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Bible Reflections View Comments

The Spirit Is Real in Our Lives
By Diane M. Houdek
Source: Bringing Home the Word
Published: Sunday, May 5, 2013
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John’s Gospel explores complex and spiritual ideas, far different from the earthy parables of the Gospels of Matthew, Mark, and Luke. Sometimes we might think these philosophical discussions have little to do with our daily lives. But again and again Jesus returns to words we know very well: love, peace, joy, freedom from fear.

In today’s Gospel, Jesus promises to send the Holy Spirit to remind the disciples of all that he has told them. This same Spirit moves in us when we face difficult situations. The Spirit gives us the words we need to bring peace to a tense meeting or a hurtful relationship. The Spirit that soothes us to sleep in the middle of a stressful night. The Spirit that reminds us of the good within ourselves and people we love.

Sometimes we forget what we know in the pressures and tensions of our everyday lives. Family, work, the unsettled state of the world, press in on us and in the clamor we can forget our focus, our purpose, our need to surrender to the Spirit. Sometimes all it takes is a little nudge, a reminder that we know that there’s a better way, the way of Jesus, the way of the Spirit.

The Spirit’s nudging reminders keep us focused on the things that matter: peace in our hearts and in our world, love for ourselves, one another and our God, the faith that’s rooted in our baptism and grows and strengthens as we face life’s challenges.

That same Spirit moves through our Church as well. The Acts of the Apostles reminds us that while the Spirit moved in wondrous ways to encourage the growth of the new community, people still had to resolve serious conflicts among themselves. In their day, no less than in ours, the community struggled with the question of rules and laws, of who’s in and who’s out, of what was essential and what was human tradition.

The strong leadership and dedication of people like Paul and Barnabas helped cut through the controversies of the day and reminded the new Christians of the man and the faith they hold dear. We see that same spirit in the best of our leaders today.

The second reading from the Book of Revelation seems a good counterpoint to the controversies in Acts. Human institutions, no matter how lofty their intentions, can become mired in human misunderstanding and sin; in God’s kingdom those failings will be transcended.

As we move through these days between Easter and Pentecost, our readings remind us to rely on the power of the Holy Spirit to guide us, to speak to us and for us, to draw us ever more deeply into the love of God. While we never lose sight of the human ministry of Jesus of Nazareth, we know that the resurrection means that we are called into something even greater than this life here on earth. All that we do here, serving our brothers and sisters, should reflect and point to that eternal reality.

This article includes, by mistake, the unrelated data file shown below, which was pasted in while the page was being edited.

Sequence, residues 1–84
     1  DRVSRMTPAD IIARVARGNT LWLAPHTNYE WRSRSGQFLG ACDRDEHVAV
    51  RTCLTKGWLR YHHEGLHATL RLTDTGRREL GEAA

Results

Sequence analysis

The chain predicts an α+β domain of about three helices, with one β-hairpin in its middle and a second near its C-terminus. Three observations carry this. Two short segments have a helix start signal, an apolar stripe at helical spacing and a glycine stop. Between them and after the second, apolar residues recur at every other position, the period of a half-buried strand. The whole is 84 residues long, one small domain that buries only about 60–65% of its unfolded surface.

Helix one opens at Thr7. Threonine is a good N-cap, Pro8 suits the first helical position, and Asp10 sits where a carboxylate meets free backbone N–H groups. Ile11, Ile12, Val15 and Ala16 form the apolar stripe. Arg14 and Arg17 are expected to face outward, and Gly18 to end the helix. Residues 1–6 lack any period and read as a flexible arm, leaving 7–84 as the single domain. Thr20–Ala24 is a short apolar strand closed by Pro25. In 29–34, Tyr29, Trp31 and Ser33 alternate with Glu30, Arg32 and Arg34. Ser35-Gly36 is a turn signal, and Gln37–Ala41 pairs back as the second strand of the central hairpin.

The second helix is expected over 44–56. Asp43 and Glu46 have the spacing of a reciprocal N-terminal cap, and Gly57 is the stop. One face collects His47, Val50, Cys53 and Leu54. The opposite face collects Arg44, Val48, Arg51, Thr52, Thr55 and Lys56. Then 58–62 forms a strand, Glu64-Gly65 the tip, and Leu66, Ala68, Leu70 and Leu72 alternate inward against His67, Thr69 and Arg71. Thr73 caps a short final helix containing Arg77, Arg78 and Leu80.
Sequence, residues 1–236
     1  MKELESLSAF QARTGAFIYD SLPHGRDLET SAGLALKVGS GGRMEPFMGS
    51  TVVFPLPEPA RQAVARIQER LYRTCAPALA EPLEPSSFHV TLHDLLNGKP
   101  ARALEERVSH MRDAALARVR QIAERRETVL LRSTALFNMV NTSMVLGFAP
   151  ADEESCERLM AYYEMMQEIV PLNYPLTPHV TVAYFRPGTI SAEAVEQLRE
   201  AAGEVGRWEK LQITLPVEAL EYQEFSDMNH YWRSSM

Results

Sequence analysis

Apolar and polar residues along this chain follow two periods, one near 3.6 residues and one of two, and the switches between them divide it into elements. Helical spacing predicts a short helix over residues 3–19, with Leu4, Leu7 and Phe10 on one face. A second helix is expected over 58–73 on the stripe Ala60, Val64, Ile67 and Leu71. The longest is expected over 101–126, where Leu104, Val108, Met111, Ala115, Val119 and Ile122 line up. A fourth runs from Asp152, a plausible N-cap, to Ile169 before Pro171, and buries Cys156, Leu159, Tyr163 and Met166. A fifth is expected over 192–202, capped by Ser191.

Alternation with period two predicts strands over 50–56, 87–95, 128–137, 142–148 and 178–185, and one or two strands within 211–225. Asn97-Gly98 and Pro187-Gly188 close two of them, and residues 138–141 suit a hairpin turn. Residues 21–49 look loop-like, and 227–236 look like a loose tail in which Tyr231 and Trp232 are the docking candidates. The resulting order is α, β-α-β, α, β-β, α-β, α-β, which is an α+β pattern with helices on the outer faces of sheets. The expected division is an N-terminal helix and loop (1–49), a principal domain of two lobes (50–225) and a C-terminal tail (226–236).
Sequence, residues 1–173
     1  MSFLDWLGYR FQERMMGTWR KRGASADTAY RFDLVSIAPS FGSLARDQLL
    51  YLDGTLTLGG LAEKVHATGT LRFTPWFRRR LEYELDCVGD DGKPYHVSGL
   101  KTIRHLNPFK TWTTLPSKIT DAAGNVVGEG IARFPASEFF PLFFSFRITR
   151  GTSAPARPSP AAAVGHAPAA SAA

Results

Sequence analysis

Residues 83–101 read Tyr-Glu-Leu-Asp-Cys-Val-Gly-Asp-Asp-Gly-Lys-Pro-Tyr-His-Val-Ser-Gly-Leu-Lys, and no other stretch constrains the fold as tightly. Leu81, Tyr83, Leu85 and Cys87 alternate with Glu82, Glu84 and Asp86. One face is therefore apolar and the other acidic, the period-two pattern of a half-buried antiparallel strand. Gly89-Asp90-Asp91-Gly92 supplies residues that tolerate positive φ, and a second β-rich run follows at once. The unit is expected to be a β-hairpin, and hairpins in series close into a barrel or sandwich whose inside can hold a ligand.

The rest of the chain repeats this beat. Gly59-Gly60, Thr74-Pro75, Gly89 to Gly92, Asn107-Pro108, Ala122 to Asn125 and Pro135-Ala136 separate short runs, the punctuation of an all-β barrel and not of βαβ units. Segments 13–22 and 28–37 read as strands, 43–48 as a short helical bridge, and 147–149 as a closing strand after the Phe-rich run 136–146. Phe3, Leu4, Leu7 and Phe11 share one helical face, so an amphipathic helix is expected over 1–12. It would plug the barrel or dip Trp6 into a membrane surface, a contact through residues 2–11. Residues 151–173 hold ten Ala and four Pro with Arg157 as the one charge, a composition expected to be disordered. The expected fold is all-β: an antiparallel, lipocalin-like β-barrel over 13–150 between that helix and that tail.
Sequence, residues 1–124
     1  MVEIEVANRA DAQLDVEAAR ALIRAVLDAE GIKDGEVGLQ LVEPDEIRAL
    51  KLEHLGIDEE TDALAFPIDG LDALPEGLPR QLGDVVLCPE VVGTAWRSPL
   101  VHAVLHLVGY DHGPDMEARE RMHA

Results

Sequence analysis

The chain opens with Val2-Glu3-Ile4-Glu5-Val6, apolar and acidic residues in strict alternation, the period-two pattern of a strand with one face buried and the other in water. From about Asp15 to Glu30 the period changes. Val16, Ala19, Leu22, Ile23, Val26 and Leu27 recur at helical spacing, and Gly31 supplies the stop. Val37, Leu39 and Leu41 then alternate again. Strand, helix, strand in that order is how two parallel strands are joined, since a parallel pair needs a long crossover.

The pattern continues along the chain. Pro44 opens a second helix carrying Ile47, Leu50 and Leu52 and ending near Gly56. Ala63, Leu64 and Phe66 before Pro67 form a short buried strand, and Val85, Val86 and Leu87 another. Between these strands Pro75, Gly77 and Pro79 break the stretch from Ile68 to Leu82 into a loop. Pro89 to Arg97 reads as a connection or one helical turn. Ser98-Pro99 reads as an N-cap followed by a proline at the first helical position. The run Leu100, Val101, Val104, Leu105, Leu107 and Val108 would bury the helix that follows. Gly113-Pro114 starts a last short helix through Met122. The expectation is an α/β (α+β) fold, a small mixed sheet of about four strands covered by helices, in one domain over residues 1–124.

The readings from the Gospel of John during these final weeks of Easter often seem to repeat the same things over and over again. But, like a favorite melody that runs through our minds, the words of Jesus in John’s Gospel can soothe and calm us, can move us forward, can give us the peace and courage that are the truly the gifts of the Spirit.


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Columban: Columban was the greatest of the Irish missionaries who worked on the European continent. As a young man who was greatly tormented by temptations of the flesh, he sought the advice of a religious woman who had lived a hermit’s life for years. He saw in her answer a call to leave the world. He went first to a monk on an island in Lough Erne, then to the great monastic seat of learning at Bangor. 
<p>After many years of seclusion and prayer, he traveled to Gaul (modern-day France) with 12 companion missionaries. They won wide respect for the rigor of their discipline, their preaching, and their commitment to charity and religious life in a time characterized by clerical laxity and civil strife. Columban established several monasteries in Europe which became centers of religion and culture. </p><p>Like all saints, he met opposition. Ultimately he had to appeal to the pope against complaints of Frankish bishops, for vindication of his orthodoxy and approval of Irish customs. He reproved the king for his licentious life, insisting that he marry. Since this threatened the power of the queen mother, Columban was deported to Ireland. His ship ran aground in a storm, and he continued his work in Europe, ultimately arriving in Italy, where he found favor with the king of the Lombards. In his last years he established the famous monastery of Bobbio, where he died. His writings include a treatise on penance and against Arianism, sermons, poetry and his monastic rule.</p> American Catholic Blog There are not a hundred people in America who hate the Catholic Church. There are millions of people who hate what they wrongly believe to be the Catholic Church—which is, of course, quite a different thing. –Bishop Fulton Sheen

 
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